How to learn about bikes?

Associate
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Ok, so I've always been quite keen on bikes (although never actually ridden one) & I'm going to try to do my CBT fairly soon. Only thing is, I don't really know anything (technical) about them.

Is there a good website/youtube channel etc that is good for starters? Initially I only really want to learn about what's needed to look after them/care for them.

So, any suggestions?
 
Man of Honour
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What ever bike you get, just get a Haynes manual. I don't know how people live without them. Well that's a lie, they pay the garage hundreads for nothing.
 
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What ever bike you get, just get a Haynes manual. I don't know how people live without them. Well that's a lie, they pay the garage hundreads for nothing.

Agreed, Haynes is a must for any home mechanic, but doesn't explain the rationale behind servicing etc. I would recommend the Haynes manual once you are comfortable with basics...
 
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Other than a specific Haynes manual for your chosen bike, it's well worth looking online for dedicated forums etc as it's always good to learn from other riders who have the same wheels.

Before I even got my bike I found a forum dedicated to that particular model and it's been a wealth of information...it's also been a great way of sourcing parts and learning a few things that sometimes aren't covered in the manuals.
 
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I have my CBT and Theory booked and have been looking into what 500-600cc bike to get as I will be doing DAS in April. I know nothing about bikes but from what I have read up on so far a new riders bike tends to be simple enough to work on. (unless you buy one of the tech galore bikes)

Like Diverse180 I will be hunting down a forum and a Haynes manual so I can learn about the bike.

Good luck when you do your CBT!
 
Soldato
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What ever bike you get, just get a Haynes manual. I don't know how people live without them. Well that's a lie, they pay the garage hundreads for nothing.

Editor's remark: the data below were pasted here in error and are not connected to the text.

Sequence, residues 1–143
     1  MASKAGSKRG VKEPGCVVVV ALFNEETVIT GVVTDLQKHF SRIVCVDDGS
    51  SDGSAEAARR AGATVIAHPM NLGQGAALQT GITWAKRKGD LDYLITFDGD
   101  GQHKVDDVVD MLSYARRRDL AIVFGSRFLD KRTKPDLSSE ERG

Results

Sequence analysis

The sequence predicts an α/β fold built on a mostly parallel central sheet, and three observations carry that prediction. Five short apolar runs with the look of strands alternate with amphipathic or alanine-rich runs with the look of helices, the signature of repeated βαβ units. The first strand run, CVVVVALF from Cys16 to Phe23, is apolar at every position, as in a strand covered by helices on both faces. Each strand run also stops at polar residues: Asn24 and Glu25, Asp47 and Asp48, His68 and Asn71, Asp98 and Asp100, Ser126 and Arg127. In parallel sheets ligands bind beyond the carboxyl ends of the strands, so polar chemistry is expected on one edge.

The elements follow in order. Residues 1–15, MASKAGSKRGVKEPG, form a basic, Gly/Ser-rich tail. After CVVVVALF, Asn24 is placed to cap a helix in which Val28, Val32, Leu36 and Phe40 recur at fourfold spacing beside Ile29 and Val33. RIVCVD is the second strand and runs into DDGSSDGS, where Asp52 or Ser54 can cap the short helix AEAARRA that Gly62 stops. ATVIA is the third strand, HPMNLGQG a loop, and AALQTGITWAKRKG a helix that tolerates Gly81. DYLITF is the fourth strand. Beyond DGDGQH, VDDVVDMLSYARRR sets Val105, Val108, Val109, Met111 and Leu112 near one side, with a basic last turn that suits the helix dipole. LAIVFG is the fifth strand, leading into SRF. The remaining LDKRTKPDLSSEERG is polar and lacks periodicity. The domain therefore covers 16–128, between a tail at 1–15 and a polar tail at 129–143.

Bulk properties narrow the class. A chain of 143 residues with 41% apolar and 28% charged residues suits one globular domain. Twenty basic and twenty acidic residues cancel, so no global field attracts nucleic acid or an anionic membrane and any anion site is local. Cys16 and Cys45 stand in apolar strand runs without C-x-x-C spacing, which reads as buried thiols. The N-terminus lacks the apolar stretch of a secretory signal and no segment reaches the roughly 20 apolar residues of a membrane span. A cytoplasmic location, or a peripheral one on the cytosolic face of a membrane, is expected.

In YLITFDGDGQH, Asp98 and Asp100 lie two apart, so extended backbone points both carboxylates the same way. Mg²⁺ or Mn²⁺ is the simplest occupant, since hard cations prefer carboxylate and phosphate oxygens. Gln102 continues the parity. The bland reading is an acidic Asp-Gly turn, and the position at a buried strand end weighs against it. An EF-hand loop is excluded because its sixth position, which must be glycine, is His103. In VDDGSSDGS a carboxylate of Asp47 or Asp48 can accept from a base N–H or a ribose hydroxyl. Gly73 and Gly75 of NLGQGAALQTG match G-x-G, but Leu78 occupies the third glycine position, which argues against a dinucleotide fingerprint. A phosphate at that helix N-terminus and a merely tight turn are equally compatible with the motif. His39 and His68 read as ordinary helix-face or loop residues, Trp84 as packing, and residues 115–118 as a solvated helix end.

This! I would be lost without mine, my dad is very technical so I have learnt a lot from him over the years but also taught my self loads, just from taking bikes apart and seeing what is what, and also reading hours of threads on bike forums :D if you ever get stuck there is always someone that can help.
 
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This! I would be lost without mine, my dad is very technical so I have learnt a lot from him over the years but also taught my self loads, just from taking bikes apart and seeing what is what, and also reading hours of threads on bike forums :D if you ever get stuck there is always someone that can help.

Pretty much this, I was always helping my Dad in the garage work on his bikes from a young age and this taught me a lot.

If I ever get stuck I can just ask him or post up on a technical forum and usually have an answer within minutes.

A Haynes manual is also a good shout, or sometimes there is a service manual for your specific bikes from the manufacturer, mine has one and it has all the torque settings for bolts etc which is priceless.

There really is no need to get ripped off my dealers anymore unless it a very big job or needed for warranty related work.
 
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You can find a lot of the manufacturer service manuals on dedicated websites. They've got a lot of good info in.

If you're stuck, ask on a forum. Someone will know! :)
 
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All sounds like sound advice, cheers guys :) Currently reading through the website lollyhayes posted, some interesting stuff...

Are bikes actually as fussy to start as that website makes out, or is it just covering every scenario?
 
Soldato
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All sounds like sound advice, cheers guys :) Currently reading through the website lollyhayes posted, some interesting stuff...

Are bikes actually as fussy to start as that website makes out, or is it just covering every scenario?

Bikes will usually start without hassle unless they've been sat for a while.

If they don't then there's probably something wrong.